Grace in a CT scan

Thursday and Friday were a whirlwind. Clay went to Louisville for yet another scope on his stomach, trying to figure out the situation with his ulcers and the best treatment. Supposed to be a fairly routine procedure. I didn’t go because his cousins were gracious enough to offer to pick him up and let him crash with them until he could safely drive home the next morning.
His first appointment was at 11:20 our time, and the test was supposed to immediately follow. He was never out of my thoughts, but as 3:00 neared and I hadn’t heard from him, I was growing concerned. Then my phone rang.
When I noticed that it wasn’t his number, I thought that was strange. But when the voice on the other end said it was the surgeon, my heart skipped a few beats and my hands started shaking like crazy. Surgeons don’t make a habit of calling wives to say all is well, I don’t think. So it was hard for me to focus on what he was actually saying. I heard “blood clot,” “lungs,” “admitted,” and “couple days.” Then he started talking and talking about what they saw in his stomach, of which I didn’t hear a word, when I finally had the presence of mind to ask which hospital.
I hung up and just sat shaking for a minute, then started making phone calls, kicking myself the whole time for not working it out to go with him in the first place. It’s amazing, really, how quickly I was able to get my kids taken care of, thanks to my mom and a good friend. So within an hour and a half of answering the phone, Lydia and I were on our way.
I never wanted 3 1/2 hours to pass more quickly, but they were a blessing in disguise, because I had 3 1/2 hours to process all that was happening so quickly. The Holy Spirit was good to whisper truth to me, the job He usually uses Clay to do. But Clay wasn’t with me, and I desperately needed someone to remind me of all that was true, and my Comforter was ever faithful. Here is the truth I needed to hear:

** As far as unexpected phone calls from surgeons go, it could have been much worse. A blood clot in the lung is not to be trifled with, to be sure, but, in this case, it was a weekend-changer, not necessarily a life-changer. I was not driving in fear for my husband’s life.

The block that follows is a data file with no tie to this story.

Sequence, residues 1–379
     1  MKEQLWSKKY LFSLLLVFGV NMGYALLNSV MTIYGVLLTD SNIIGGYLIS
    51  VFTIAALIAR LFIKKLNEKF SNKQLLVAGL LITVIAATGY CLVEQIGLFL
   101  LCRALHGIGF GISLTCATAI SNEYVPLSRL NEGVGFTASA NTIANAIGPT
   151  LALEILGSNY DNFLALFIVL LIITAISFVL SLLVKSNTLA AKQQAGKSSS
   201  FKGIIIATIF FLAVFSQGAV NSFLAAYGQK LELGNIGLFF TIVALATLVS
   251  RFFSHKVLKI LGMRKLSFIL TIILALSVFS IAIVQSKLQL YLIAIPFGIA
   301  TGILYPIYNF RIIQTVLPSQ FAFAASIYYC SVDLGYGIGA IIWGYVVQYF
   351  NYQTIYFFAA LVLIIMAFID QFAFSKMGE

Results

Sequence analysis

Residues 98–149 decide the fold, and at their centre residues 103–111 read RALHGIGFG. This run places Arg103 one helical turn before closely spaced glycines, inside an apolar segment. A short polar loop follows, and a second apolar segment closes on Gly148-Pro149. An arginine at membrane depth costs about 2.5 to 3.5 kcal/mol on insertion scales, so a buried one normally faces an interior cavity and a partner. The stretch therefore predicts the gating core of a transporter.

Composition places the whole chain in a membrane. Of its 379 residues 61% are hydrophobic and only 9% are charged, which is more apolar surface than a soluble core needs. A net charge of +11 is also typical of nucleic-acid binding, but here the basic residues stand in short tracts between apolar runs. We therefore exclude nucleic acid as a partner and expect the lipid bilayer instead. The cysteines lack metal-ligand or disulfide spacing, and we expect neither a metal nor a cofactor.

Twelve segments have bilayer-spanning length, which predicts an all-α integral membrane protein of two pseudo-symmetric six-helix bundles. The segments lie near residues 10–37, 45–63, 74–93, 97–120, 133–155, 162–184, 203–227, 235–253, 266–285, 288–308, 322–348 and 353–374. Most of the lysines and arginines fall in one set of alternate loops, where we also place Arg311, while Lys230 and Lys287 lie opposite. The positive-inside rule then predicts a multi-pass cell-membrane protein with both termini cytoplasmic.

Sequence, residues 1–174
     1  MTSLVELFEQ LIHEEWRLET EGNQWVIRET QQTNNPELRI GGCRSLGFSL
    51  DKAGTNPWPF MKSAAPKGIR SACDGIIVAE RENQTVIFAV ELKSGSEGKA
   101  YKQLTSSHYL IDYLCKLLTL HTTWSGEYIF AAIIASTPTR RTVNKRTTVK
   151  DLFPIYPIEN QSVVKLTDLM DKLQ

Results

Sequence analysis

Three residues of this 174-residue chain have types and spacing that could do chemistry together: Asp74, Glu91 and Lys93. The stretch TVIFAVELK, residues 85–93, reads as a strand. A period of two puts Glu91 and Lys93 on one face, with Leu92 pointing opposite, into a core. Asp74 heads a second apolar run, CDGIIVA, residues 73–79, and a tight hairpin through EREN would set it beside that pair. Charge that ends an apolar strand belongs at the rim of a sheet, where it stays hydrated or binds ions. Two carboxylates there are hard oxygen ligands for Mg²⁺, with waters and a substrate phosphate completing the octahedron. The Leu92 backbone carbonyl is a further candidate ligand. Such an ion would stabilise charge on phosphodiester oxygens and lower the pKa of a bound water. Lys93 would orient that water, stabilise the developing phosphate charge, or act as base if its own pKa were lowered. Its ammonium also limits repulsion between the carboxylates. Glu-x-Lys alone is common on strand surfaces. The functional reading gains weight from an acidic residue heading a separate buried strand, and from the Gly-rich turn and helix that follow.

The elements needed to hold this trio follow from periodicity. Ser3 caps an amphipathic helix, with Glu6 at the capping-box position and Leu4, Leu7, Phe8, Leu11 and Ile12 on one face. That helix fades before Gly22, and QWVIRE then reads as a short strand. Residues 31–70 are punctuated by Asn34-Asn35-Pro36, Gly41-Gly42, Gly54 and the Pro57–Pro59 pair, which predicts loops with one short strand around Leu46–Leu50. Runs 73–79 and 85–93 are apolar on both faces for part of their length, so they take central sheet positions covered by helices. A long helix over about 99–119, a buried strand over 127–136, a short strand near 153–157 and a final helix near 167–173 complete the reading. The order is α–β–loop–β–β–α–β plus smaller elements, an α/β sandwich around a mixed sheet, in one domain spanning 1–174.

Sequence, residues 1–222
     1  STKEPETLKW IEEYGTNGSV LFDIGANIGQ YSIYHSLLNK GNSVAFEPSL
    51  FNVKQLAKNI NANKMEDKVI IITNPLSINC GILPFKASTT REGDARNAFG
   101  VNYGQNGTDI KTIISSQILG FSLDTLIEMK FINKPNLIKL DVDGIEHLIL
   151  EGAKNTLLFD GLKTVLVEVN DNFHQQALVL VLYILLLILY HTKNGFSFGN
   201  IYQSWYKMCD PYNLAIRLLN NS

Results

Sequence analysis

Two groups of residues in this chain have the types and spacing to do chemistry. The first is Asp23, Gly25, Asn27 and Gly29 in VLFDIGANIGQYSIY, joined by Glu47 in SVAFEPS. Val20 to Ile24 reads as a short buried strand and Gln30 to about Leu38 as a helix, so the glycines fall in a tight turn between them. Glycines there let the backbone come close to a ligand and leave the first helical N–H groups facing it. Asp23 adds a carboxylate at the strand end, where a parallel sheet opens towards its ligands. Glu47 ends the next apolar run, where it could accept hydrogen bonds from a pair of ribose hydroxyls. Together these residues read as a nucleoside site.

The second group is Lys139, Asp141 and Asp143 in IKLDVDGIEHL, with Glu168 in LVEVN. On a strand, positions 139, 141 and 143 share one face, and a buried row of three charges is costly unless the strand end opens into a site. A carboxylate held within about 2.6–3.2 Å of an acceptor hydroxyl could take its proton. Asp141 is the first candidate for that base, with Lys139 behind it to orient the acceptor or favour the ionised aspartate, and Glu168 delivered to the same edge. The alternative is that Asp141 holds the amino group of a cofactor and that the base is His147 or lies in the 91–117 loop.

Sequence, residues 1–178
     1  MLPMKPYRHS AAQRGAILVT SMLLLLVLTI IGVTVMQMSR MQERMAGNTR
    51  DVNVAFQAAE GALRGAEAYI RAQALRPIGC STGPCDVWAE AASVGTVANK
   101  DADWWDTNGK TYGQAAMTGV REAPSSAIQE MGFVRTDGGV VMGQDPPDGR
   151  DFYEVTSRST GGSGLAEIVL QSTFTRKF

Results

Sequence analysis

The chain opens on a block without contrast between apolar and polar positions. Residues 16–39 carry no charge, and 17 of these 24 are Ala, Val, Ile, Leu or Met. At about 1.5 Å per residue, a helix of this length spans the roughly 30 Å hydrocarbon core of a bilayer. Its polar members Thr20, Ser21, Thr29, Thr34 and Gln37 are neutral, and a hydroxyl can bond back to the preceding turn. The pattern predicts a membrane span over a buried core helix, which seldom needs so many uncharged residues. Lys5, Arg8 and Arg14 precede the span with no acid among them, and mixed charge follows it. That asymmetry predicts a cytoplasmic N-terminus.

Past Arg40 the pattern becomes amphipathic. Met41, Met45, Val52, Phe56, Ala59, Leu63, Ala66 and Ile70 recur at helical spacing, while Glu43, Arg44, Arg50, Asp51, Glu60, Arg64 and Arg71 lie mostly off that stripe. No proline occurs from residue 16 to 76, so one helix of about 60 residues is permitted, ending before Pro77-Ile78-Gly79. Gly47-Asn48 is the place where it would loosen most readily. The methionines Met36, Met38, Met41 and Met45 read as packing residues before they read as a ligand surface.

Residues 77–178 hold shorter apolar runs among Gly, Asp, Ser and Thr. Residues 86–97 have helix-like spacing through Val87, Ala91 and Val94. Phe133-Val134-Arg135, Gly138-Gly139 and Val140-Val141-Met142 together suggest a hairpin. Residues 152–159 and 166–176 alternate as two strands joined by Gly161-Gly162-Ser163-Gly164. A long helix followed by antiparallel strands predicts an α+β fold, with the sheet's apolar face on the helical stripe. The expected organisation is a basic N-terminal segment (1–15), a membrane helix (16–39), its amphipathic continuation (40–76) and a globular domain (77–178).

** God is faithful. The worrywart in me was already wanting to worry about the bills that were about to amass. The worrywart in me was definitely worried about my husband, and scared that it was going to turn out to be worse than it sounded. The worrywart in me was worried about the kids I was leaving, the kid I was taking, and the people I was inconveniencing to help me care for them. But the Spirit of God reminded me that He is faithful. He can and should be trusted with my husband. He can and should be trusted with my children. He can and should be trusted to provide for our financial needs. He can and should be trusted to use His children to help me in my time of need. God is faithful.

** Then He started digging down very deep, in the raw places of my soul, and started whispering that even if the news had been worse, even if the unthinkable had happened and I was driving toward something that brings tears to my eyes just imagining it, then He would still be there. He would still be my strength. He would still pour out grace. He would still be good. I couldn’t dwell long on this one, and I was just so thankful that I didn’t have to. But it was truth, and it was comforting.

Well, as events played out, I made it to the hospital, hugged my husband as best I could, dancing around the IV’s, and we started our wait for answers. It wasn’t until Friday afternoon, after a second CT scan, that we found out that there never had been a clot. He was good to go. All was well. Our emotions were all over the map. Overjoyed. Thankful. Excited. Quickly followed by disbelief. Frustration. Even some anger. He had been over 24 hours in the hospital, over 24 hours on unnecessary blood thinners, over 24 hours on a liquid diet and no one knew why that had been ordered in the first place. And there had never been anything wrong. We had two vans to drive home, so I had my second 3 1/2 hour drive in two days, again with my thoughts and emotions swirling crazily around and around. Again, I didn’t have my husband with me to preach the truth to me. Again, I needed my Father to whisper to me.

And this is what He told me: He is in control. Yes, it was a “mistake.” Yes, we were there for “nothing.” Yes, we will now have probably thousands of dollars of medical bills for “no reason.” But ultimately, nothing is for no reason. Mistakes have a purpose. There was absolutely grace in that second scan, that showed a healthy husband. But there was also grace in the first one, when a doctor erred, either accidentally or out of caution, leading to our crazy ride. I have no idea why God let us go through all that worry and stress and inconvenience and expense when there was nothing wrong with Clay. I have no idea what He was doing. And quite frankly, a day later I’m still fighting back some frustration at the whole crazy situation. But not only is He in control, He is good. He has good reasons for what He does and what He allows, even if what He allows doesn’t look good. And His good reasons always mean good for me.

That is what He whispered to me on the way home last night. And that is something that applies to every roller coaster life brings us. Next time it probably won’t be a misread CT scan that triggers this kind of chaos in our lives. But just as there was grace in that misread CT scan, there will be grace for the next journey as well. All that He asks, His grace will provide.

As I’m home tonight with my healthy, blood-clot-less husband, I am so thankful for His grace.

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One Response to Grace in a CT scan

  1. Pingback: Only the van was wrecked | The Beautiful Ordinary

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